Technical Ben wrote:Before we get the trouble of deciding "is the program alive?" we will hit a roadblock in technology or programming preventing us from getting that far anyway.

What is your evidence for this? I'll accept that if we never create true artificial intelligence, then this debate is moot, but it seems entirely possible that we will.




GeorgeH wrote:With X=100%, we know that if we simulate a human we will cause them harm. Deliberately causing a "real" human to suffer harm is generally considered to be a violation of their rights, so if we grant simulated humans the same rights as "real" humans we will be completely unable to run the simulation in the first place.

In general having a child isn't comparable to simulating a human simply because we have no control over the real universe, but we do have control over the simulated one; everything in the real world that could happen to the child is God's fault (assuming the standard omniscient and omnipotent creative deity) but everything in the simulated world is our fault.

I think you are right. So I suppose my conclusion is that it is unethical to simulate humans, period. It may be ethical to create artificial intelligences, but only if they are nonsentient (they think but don't feel). I don't really know enough about AI to know if/how that would work (in fact, it may be that nobody does), but creating AIs which can feel, particularly if they can feel anything like human emotions, seems not only like a bad idea (especially if they have superhuman intelligence/speed of thought) but unethical to boot.
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Re: ethics of artificial suffering

Postby makc » Mon Apr 26, 2010 11:12 am UTC

fuuuu... I just wrote long reply to this thread, and someone meanwhile edited or deleted last post, and now my text is gone :/ I feel like simulation that has been messed with.

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Re: ethics of artificial suffering

Postby Technical Ben » Mon Apr 26, 2010 12:06 pm UTC

I suppose what I was getting at is that I can see, just as there are limits in the physical world, there are some in programming as well. We are never getting travel faster than light. This is a fact. There is an upper limit. So applying that to AI, or a complete human simulation, where is the limit? Well, to simulate all the connections, with all the chemical weights, electrical impulses, and external factors, you would need a computer that practically IS a human brain. I can see us building a set of rules, that tell us how a illness will effect a person. But does running the set of rules is run on a massive processor farm make it alive? Like with the book comparison. All our programming could be written into a book, and run by hand (Like the XKCD stones comic ;)). Does this make it a living person? If you move that code from the book to a computer what then? Is it not still a book?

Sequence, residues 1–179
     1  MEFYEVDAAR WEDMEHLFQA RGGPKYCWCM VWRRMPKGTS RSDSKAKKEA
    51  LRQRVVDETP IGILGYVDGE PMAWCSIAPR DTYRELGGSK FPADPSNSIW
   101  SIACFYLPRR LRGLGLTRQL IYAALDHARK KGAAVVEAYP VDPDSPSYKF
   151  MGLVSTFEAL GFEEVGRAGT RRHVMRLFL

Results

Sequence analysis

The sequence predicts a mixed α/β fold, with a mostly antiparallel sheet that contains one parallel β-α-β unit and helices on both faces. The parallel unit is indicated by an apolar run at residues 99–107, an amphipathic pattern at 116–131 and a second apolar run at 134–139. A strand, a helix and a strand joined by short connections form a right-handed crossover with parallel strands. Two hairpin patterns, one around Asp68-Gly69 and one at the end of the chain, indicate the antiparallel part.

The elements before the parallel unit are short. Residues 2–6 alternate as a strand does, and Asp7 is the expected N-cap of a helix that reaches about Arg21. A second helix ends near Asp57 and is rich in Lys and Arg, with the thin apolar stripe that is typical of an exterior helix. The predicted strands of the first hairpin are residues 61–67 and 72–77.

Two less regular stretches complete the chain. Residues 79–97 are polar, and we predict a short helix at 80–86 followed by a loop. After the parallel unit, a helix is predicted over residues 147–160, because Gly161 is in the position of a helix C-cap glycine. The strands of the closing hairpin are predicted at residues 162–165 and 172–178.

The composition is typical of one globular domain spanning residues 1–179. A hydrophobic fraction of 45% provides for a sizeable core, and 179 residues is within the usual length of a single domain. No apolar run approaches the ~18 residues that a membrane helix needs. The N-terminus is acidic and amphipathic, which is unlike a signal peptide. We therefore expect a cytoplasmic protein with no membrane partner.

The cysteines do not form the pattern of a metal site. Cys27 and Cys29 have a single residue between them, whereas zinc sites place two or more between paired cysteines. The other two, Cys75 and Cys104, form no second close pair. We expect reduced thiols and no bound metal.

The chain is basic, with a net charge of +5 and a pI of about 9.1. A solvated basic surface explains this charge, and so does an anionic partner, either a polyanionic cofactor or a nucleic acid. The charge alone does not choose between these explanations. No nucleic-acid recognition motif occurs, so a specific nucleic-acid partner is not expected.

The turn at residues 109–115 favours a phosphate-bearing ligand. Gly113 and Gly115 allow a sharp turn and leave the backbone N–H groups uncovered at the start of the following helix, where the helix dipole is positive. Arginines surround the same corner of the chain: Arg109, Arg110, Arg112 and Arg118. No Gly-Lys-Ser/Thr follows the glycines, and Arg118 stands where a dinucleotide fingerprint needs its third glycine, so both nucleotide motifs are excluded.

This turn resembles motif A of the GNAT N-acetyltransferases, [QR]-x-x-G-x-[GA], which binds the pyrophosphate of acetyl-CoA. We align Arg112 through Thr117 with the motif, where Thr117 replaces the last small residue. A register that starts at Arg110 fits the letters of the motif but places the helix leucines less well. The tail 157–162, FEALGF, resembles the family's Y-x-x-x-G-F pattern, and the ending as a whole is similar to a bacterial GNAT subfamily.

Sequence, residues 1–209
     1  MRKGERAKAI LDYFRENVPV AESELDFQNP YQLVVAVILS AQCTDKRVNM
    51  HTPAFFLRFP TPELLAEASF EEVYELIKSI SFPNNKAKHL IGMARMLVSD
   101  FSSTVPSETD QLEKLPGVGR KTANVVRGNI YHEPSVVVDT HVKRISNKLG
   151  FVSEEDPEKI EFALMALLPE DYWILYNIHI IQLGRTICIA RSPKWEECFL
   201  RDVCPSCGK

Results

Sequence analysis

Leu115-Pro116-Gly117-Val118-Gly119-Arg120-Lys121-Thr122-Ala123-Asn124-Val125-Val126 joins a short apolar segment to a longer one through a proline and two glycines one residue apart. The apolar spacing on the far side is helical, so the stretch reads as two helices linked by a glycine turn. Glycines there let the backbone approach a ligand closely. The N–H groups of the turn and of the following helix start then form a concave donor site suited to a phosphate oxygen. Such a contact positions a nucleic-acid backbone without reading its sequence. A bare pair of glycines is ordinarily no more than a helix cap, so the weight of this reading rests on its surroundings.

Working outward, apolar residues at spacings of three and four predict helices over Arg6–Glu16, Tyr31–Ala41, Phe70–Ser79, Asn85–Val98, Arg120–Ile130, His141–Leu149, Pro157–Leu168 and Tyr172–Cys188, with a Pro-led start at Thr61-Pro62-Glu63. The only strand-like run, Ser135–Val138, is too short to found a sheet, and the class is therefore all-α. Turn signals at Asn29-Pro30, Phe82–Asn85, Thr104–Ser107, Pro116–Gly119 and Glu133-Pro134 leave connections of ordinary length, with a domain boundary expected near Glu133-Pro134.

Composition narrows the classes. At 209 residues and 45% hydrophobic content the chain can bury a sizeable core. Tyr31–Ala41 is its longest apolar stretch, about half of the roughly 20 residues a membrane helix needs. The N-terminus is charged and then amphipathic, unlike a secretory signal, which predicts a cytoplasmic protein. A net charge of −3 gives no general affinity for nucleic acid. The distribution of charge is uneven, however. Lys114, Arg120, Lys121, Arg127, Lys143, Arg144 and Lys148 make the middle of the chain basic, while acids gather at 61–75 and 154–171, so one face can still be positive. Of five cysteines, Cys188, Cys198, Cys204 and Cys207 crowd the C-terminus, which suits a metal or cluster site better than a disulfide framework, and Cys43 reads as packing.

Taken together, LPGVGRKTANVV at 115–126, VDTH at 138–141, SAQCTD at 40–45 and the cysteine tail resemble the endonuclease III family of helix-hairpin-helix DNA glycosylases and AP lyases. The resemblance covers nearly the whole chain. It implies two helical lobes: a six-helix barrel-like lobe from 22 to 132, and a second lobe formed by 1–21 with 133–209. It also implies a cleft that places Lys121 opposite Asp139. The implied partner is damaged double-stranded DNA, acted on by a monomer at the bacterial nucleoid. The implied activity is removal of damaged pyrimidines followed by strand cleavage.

Why am I sceptical about simulating a person or a brain? "50–100 billion (1011) neurons, of which about 10 billion (1010) are cortical pyramidal cells. These cells pass signals to each other via as many as 1000 trillion (1015) synaptic connections.[2]" The brain has so many connections and synapses, that your going to have a margin of error. It's like trying to transport someone Star Trek style. Your going to hit something like the Heisenberg uncertainty principle. We just cannot get a perfect copy of something that complex. At most we will get an Ape brain. But then it's the ethics of weather we should do tests on animals. If you can simulate that much detail, why not just simulate the part you are studying?

I suppose it's a self answering question. If it's assumed it's a perfect simulation of a human, in AI form, the question is not "Should we allow artificial suffering" but "should we allow suffering". Because there is no definable way to differentiate between the two. Most would agree we should not cause suffering. However if it's still just a simulation, just a series of code or just a character in a game/movie or book (but simulated via AI etc), then we are asking "Should we find suffering entertaining?"
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Re: ethics of artificial suffering

Postby idobox » Mon Apr 26, 2010 12:48 pm UTC

The computational power will be reached some day. A quantum computer simulating the brain could be the size of an actual brain, and probably even smaller if we can skip the molecular level simulation.
As to Technical Ben point on the difficulty to copy a real person, I don't see it as a problem. There are about 7 billions human brains right now on earth, that are all different, but yet all human. Simulating a human brain doesn't imply simulating someone's brain; you could just build a brand new brain by following whatever rules make a brain human and not ape.